United States Army Air Forces Fighter Squadron, 99th Search this
xiii, 270 pages : illustrations, map ; 24 cm
Personal narratives, American
List of Illustrations; Preface; Acknowledgments; Part I. The Early Years; 1. My Family and Ancestry; 2. My Early Life in Minnesota; 3. My Love Affair with a Plane; 4. Bubba's Experience in the Military; Part II. The War Years; 5. I Just Wanted to Fly; 6. Flight Training: In the Air at Last; 7. The Transition to War; 8. The Trip Overseas and Commander B.O. Davis; 9. The Air Forces, the P-51, and Ramitelli Air Field; 10. Combat; 11. December 1944; 12. January to February 1945; 13. March 1945; 14. Nuremberg; 15. The March to Moosburg; 16. Liberation; 17. Going Home; Part III. The Postwar Years; 18. To Stay or Not to Stay; 19. The Future Unfolds; 20. The Korean War; 21. Strategic Air Command; 22. Crises in America and My Decision to Leave the Military; 23. A New Career in Higher Education; 24. Fame; 25. Giving Back; 26. Breaking Par; 27. The Fourth Quarter; Notes; Index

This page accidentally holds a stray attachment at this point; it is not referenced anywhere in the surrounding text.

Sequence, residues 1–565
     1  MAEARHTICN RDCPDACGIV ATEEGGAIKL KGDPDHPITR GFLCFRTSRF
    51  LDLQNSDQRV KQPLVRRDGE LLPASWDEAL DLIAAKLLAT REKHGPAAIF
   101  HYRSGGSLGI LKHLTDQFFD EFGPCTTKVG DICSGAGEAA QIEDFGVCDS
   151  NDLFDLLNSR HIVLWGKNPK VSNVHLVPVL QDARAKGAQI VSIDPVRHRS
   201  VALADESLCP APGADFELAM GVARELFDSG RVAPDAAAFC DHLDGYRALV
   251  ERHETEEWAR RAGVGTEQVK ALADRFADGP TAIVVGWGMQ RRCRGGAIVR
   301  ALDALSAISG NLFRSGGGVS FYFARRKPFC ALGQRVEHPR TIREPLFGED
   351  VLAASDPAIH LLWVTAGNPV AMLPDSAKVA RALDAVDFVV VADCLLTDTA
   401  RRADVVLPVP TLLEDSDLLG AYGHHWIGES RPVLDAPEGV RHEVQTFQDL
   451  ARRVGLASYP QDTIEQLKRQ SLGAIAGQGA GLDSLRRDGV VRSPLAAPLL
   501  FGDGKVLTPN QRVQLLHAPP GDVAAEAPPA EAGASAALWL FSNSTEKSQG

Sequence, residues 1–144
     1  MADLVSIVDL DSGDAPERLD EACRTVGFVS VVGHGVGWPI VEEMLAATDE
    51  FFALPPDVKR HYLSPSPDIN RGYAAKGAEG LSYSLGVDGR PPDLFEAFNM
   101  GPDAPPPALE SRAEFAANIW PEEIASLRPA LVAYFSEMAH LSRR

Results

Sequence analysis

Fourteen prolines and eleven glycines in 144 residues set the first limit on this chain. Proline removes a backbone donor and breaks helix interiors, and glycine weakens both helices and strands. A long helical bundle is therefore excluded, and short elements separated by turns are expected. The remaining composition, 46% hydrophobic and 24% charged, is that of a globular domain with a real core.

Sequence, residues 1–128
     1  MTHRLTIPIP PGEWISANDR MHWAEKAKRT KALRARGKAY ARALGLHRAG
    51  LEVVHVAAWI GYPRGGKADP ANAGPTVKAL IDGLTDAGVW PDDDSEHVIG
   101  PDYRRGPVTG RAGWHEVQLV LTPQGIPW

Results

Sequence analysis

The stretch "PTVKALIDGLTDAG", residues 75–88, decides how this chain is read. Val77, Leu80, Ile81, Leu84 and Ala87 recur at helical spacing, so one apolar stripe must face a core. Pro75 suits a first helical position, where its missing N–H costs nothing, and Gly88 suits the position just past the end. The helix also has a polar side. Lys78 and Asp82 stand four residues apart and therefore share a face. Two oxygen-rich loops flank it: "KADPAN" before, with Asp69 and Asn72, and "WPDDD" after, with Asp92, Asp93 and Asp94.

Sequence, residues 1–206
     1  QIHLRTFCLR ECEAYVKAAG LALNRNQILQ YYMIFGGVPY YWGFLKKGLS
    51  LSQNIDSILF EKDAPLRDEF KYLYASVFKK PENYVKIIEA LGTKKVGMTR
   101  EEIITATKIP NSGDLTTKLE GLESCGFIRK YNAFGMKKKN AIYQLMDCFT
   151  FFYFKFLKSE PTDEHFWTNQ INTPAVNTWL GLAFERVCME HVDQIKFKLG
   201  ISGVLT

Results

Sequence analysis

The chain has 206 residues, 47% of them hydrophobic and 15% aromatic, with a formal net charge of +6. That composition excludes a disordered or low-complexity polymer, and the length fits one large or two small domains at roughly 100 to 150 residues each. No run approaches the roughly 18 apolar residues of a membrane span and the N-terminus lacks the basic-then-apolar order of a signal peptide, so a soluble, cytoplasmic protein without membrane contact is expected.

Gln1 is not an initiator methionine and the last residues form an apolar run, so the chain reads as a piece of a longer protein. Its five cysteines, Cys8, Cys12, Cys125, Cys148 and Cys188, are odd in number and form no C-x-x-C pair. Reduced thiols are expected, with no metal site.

Keep Your Airspeed Up: The Story of a Tuskegee Airman is the memoir of an African American man who, through dedication to his goals and vision, rose through the despair of racial segregation to great heights of accomplishment, not only as a military aviator, but also as an educator and as an American citizen. Unlike other historical and autobiographical portrayals of Tuskegee airmen, Harold H. Brown's memoir is told from its beginnings: not on the first day of combat, not on the first day of training, but at the very moment Brown realized he was meant to be a pilot. He revisits his childhood in Minneapolis where his fascination with planes pushed him to save up enough of his own money to take flying lessons. Brown also details his first trip to the South, where he was met with a level of segregation he had never before experienced and had never imagined possible. During the 1930s and 1940s, longstanding policies of racial discrimination were called into question as it became clear that America would likely be drawn into World War II. The military reluctantly allowed for the development of a flight-training program for a limited number of African Americans on a segregated base in Tuskegee, Alabama. The Tuskegee Airmen, as well as other African Americans in the armed forces, had the unique experience of fighting two wars at once: one against Hitler's fascist regime overseas and one against racial segregation at home. Colonel Brown fought as a combat pilot with the 332nd Fighter Group during World War II, and was captured and imprisoned in Stalag VII A in Moosburg, Germany, where he was liberated by General George S. Patton on April 29, 1945. Upon returning home, Brown noted with acute disappointment that race relations in the United States hadn't changed. It wasn't until 1948 that the military desegregated, which many scholars argue would not have been possible without the exemplary performance of the Tuskegee Airmen.